Two months after this meeting, Johnson had his General Counsel inform the team that the procurement process would be cancelled due to an unspecified confidentiality breach and the team’s failure to achieve unanimous consensus.  Johnson then assembled a new, smaller evaluation committee which included his close advisors but was almost entirely devoid of educators or subject matter experts with relevant experience.  The new committee recommended Istation instead of mClass, and in June 2019 Johnson awarded Istation the contract.

The existence of the text message wasn’t made public until Superintendent Johnson issued his official response denying Amplify’s protest of the contract award at the end of July 2019.  In the response, Johnson said “a whistleblower provided evidence of a text message discussion detailing how committee members had voted…” and he framed this breach of confidentiality as part of his grounds for cancelling the procurement process.  

In the supporting Exhibits for Amplify Protest Decision, this redacted screenshot version of the text message was provided:

The next major development around the text message occurred in October of 2019, when Mark Johnson’s Deputy Superintendent for Operations Kathryn Johnston filed a sworn affidavit as a part of the ongoing review of the procurement process by the Department of Information Technology.  In the affidavit, Johnston revealed the identity of the individual who had leaked details of the January 8 2019 meeting as Abbey Whitford, a K-3 literacy consultant who had served on the evaluation committee, and the individuals communicating in the text message as Carolyn Guthrie and another former DPI literacy consultant, Anne Evans.  

An unredacted screenshot of the text message appeared in Johnston’s affidavit:


This time Guthrie’s inbox is visible, and the screenshot displays several days of messages from January 2019, presumably from friends and family.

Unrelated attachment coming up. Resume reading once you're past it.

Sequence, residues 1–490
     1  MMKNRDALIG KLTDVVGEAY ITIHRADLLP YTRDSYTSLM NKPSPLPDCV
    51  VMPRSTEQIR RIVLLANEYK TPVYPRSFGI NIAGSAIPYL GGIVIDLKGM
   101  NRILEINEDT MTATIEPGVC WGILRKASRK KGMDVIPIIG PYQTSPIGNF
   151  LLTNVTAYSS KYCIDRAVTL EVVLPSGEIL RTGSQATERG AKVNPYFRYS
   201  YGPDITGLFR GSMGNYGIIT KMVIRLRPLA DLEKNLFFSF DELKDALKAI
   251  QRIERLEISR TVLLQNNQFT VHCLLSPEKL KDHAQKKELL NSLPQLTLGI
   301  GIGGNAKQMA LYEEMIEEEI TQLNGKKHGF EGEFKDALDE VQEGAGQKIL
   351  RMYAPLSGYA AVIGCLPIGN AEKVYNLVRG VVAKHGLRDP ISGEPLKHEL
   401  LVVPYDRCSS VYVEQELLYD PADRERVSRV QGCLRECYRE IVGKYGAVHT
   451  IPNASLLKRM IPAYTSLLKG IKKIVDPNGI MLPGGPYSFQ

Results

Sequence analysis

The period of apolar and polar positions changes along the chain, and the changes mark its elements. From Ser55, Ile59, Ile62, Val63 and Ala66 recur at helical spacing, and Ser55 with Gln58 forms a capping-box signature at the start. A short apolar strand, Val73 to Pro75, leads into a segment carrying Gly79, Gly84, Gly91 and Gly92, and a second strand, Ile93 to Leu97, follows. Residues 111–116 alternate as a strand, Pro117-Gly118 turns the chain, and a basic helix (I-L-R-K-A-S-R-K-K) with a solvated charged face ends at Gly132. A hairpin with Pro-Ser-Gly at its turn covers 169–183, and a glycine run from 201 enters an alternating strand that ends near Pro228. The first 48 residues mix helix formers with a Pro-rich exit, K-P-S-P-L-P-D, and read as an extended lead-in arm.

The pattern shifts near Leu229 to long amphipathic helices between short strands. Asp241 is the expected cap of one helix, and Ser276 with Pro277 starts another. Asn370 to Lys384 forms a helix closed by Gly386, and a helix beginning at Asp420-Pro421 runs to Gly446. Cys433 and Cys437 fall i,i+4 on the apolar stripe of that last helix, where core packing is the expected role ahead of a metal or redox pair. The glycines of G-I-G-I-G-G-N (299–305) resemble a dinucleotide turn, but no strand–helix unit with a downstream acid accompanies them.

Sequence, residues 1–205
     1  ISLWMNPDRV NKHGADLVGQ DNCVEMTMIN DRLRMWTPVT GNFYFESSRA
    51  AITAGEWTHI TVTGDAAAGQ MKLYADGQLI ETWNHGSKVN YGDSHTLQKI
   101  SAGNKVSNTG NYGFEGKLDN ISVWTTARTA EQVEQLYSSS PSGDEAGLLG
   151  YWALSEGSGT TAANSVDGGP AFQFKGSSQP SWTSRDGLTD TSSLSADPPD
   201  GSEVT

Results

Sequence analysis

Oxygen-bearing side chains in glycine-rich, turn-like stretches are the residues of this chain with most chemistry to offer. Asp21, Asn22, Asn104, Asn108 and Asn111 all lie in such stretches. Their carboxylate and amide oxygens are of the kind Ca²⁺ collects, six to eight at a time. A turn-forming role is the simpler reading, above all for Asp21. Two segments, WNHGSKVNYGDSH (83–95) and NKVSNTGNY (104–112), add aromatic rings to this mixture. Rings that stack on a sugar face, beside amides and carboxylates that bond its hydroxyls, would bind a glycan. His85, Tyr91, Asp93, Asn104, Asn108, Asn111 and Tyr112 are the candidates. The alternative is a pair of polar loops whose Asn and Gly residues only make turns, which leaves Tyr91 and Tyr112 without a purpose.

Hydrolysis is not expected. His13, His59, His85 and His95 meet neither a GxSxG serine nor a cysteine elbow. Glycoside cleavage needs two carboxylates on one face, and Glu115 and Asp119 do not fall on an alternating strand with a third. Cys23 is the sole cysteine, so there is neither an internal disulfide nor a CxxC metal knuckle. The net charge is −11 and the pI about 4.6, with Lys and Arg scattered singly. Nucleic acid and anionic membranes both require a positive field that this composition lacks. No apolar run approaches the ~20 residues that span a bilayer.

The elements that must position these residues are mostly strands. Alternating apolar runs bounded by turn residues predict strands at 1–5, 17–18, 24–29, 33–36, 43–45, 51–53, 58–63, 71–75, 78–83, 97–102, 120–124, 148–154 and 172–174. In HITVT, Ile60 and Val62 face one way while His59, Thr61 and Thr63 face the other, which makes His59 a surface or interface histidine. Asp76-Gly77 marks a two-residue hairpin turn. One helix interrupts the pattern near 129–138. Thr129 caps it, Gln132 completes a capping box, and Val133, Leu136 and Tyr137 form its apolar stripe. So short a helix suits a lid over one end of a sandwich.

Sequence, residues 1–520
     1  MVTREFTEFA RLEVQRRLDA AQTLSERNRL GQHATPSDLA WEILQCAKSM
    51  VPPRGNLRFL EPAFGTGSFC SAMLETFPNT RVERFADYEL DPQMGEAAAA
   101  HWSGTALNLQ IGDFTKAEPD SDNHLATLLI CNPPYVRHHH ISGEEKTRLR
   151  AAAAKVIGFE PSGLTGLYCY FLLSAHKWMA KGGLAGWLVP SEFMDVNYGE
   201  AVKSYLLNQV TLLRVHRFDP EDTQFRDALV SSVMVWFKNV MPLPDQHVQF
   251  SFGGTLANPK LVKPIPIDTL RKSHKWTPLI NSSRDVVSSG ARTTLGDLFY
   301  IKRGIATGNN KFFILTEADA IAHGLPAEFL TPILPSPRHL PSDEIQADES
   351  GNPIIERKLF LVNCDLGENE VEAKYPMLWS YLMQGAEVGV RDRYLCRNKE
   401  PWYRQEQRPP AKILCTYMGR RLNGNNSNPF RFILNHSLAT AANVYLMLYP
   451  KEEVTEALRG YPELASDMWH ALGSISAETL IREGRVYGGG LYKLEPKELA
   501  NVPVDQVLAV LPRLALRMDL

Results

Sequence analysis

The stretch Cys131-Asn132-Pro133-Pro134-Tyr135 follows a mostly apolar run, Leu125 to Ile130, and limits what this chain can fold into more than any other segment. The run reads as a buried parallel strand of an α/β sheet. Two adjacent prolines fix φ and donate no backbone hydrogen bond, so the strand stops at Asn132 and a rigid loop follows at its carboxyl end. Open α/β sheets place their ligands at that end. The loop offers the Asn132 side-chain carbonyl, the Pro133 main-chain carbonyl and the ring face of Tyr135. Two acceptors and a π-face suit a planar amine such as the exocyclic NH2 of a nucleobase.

The lone media report about the October affidavit repeated Mark Johnson’s July language and again referred to the text message as having been provided by “a whistleblower,” but it’s interesting to note that Kathryn Johnston’s affidavit, made under oath, does not include this language.  Rather, Johnston simply says that she has been made aware of the text message:

According to the allegations, here’s how the Department of Public Instruction really got its hands on the personal text message between two former employees:

Guthrie had Text Message Forwarding set up on her DPI-issued Apple laptop, enabling her to read and write iMessages from her personal iPhone on the computer.  When she retired in 2017 and turned the computer back in to DPI’s IT department, she forgot to log out of the feature.  

At the time of Guthrie’s departure, her laptop should have been completely purged and refreshed to prepare it for the next user as per usual procedure.  DPI allegedly neglected to follow that policy, and for at least 16 months after her retirement, unknown individuals at the Department of Public Instruction had access to Carolyn Guthrie’s personal text message communications.  

It’s impossible to say how much spying occurred during this time.  However, the screenshot–and lack of explanation for how DPI came to have Guthrie’s personal text message–lends credence to the allegation that Guthrie’s communication was being actively monitored.

If individuals at DPI were in fact intercepting the text messages of a former employee, it will be interesting to see what laws may apply to this activity.